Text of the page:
The link between combining local foods with her frozen desserts will come full circle when DeBartolo realizes her quest to find a New England dairy to create the all natural bases for her frozen desserts using local milk.
“It hasn’t been easy as clearly there are no dairy farms on the Cape,” says DeBartolo. It’s more than just finding an able-bodied clan of milking cows. A vegetarian herself, DeBartolo’s holy grail was simple: a product lacking the gelatin stabilizers present in most dairy bases—gelatin sourced from animal hooves.
After over a year of pilgrimages to nearby states, she is close to launching an all-natural base from a Rhode Island farm. “There were lots of baby steps. I’ve met the farmer, I’ve met the cows.” says DeBartolo. Yet with several details remaining to tie up, it may still be a no-go.
What then? DeBartolo may soon be welcoming a few cows into the hood. One doesn’t doubt her when she says, “If push comes to shove, we’ll just make it ourselves!”
Supporting The Local Scoop’s wholesale alliances this season will be freezer cases emblazoned with Cape Cod Pops graphics. Stuffed with Cape Cod Pops, and dubbed “freezicles,” the first two will grace the Cape Cod Beer brewery in Hyannis and the Hole in One in Eastham, with more to come.
On the flip side, the local foods that The Local Scoop layers into their creations are all for sale displayed in cheery red cubbies near the checkout counter. Hole in One granola, E&T honey, preserves from Cape Cod Cranberry Harvest and Chatham Jam & Jelly, Cape Cod Beer Brittle, and Cabot’s Candy taffy join salts and sugars from The Cape Cod Flavor Company, Cape Cod Saltworks and Wellfleet Sea Salt. Sacks of The Art of Roasting coffee beans lay next to bars of fair trade chocolate from the Chequesett Chocolate Company and all natural caramels from McCrea’s.
“Now that we’re grounded in the store, we still needed a way to spread the word and say ‘Come and check us out!’,” says DeBartolo. She scrubbed a traditional voiceover ad and upped the ante in favor of banking on local talent.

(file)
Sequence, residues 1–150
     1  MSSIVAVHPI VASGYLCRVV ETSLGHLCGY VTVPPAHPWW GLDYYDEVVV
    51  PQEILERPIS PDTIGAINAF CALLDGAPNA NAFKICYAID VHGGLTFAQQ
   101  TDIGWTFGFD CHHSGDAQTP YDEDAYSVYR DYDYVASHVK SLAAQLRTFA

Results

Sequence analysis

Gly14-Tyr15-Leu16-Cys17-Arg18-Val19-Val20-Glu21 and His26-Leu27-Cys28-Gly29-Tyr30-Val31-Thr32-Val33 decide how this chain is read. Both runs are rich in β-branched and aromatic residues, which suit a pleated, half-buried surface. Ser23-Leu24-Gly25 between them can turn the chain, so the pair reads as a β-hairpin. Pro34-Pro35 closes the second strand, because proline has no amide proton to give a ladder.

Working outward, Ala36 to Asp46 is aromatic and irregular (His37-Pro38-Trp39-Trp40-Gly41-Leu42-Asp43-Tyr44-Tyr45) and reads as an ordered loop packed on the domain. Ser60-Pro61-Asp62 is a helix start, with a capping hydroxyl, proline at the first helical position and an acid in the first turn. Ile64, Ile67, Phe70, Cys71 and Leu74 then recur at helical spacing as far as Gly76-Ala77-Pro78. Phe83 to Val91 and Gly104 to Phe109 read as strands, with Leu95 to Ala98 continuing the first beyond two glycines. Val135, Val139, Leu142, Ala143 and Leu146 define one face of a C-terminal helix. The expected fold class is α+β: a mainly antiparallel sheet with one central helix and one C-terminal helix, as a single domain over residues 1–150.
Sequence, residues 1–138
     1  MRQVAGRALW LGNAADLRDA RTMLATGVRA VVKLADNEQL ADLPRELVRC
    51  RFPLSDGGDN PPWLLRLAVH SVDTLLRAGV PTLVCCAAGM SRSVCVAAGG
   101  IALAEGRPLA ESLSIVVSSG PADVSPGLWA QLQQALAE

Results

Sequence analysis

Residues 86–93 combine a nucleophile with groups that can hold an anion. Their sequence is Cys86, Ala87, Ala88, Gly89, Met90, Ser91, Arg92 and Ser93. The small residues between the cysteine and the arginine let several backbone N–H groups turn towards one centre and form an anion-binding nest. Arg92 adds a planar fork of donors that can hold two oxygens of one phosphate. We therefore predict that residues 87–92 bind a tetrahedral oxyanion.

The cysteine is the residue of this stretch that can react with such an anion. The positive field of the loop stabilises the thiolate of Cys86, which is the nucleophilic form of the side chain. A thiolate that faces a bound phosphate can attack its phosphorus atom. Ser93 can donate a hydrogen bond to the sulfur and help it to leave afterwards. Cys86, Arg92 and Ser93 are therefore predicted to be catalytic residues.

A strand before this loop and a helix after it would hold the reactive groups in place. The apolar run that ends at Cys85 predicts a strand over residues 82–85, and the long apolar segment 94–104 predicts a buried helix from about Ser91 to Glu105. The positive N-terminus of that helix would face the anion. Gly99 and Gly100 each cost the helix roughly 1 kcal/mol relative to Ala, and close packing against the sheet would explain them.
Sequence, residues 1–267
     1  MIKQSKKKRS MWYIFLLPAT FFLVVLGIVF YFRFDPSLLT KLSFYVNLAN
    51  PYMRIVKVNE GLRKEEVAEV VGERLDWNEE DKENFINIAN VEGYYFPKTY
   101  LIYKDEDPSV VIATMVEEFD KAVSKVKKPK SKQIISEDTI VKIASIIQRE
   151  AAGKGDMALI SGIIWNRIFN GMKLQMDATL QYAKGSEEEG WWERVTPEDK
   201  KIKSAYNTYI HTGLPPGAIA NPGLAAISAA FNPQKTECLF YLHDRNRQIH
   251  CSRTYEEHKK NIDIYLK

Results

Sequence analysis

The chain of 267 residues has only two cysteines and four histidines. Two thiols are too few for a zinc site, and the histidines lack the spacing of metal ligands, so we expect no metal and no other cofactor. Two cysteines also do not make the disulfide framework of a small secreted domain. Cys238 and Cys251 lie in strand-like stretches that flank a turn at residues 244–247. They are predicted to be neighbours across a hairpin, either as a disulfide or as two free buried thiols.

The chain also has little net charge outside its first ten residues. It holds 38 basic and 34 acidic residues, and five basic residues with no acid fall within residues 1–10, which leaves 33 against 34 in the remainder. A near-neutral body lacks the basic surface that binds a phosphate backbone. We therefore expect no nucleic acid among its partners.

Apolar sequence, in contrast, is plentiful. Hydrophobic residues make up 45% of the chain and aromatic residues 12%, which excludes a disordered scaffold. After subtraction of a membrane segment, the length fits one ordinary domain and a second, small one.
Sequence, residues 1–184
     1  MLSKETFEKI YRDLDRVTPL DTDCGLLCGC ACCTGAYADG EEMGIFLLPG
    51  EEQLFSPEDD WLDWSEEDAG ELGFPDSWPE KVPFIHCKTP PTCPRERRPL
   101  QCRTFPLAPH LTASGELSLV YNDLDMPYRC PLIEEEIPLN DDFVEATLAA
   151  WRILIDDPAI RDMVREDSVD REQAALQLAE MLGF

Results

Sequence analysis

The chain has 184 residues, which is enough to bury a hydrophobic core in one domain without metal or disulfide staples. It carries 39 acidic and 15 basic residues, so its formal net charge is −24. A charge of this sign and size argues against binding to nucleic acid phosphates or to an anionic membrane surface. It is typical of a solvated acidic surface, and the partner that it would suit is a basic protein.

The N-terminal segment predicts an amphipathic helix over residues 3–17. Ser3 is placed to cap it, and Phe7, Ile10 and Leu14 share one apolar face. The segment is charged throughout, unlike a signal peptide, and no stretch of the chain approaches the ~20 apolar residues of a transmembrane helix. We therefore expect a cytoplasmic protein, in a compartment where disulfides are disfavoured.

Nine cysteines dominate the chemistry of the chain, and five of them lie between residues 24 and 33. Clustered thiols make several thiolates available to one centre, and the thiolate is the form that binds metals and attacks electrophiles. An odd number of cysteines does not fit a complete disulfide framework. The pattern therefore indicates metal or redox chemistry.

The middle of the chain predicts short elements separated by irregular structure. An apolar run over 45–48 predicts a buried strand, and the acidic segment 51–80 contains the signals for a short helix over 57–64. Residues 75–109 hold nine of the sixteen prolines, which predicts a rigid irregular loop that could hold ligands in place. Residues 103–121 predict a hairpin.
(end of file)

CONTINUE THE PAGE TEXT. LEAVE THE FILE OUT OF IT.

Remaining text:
Peter Kelly penned a ditty, and Sarah Swain of the group Sarah Swain and the Oh Boys lent both her young daughters and two of their buddies to perform. DBA the “Jingle Belles”, they sang while local musician and studio wiz Bruce Maclean produced. The sweet giggle at the end will leave you grinning.
Immensely proud of the efforts The Scoop makes to give back to the community, DeBartolo cites last year’s inaugural “CANstruction” in Orleans. Giant sculptures were assembled out of canned goods, with all food and monetary contributions donated to the The Lower Cape Outreach Council.
A longtime mini-golf aficionado, DeBartolo is installing a three-hole putt-putt in her outdoor seating area for the summer. All proceeds donated by patrons to play a few rounds of this very mini mini-golf will go to the 2014 “CANstruction” fund.
“It was my dream since I was a very little girl to open an ice cream shop, but life’s events got in the way and things scared me. Finally at this point in my life it was ‘now or never’ and even though it was hard, I had to jump into it,” says DeBartolo of her Local Scoop adventure.
“Somebody pinch me. It feels great!”
34 Route 6A, Orleans
Cape Cod Pops
Event-inspired concoctions often become “keepers”:
Buzz Pop: Homemade espresso frozen yogurt made with The Art of Roasting Sumatra, dipped in coffee coating and sprinkled with chocolate covered coffee beans.
Brew Pop: Homemade chocolate ice cream made with Cape Cod Beer Red ale, dipped in premium dark chocolate and sprinkled with Cape Cod Beer Brittle and Cape Cod Saltworks sea salt.
Vineyard Pop: Homemade cranberry ice cream made with Truro Vineyards’ Cranberry Red wine, dipped in premium dark chocolate, sprinkled with Wellfleet Sea Salt, Cape Cod Flavor Company cranberry sugar and Hole In One Midnight granola.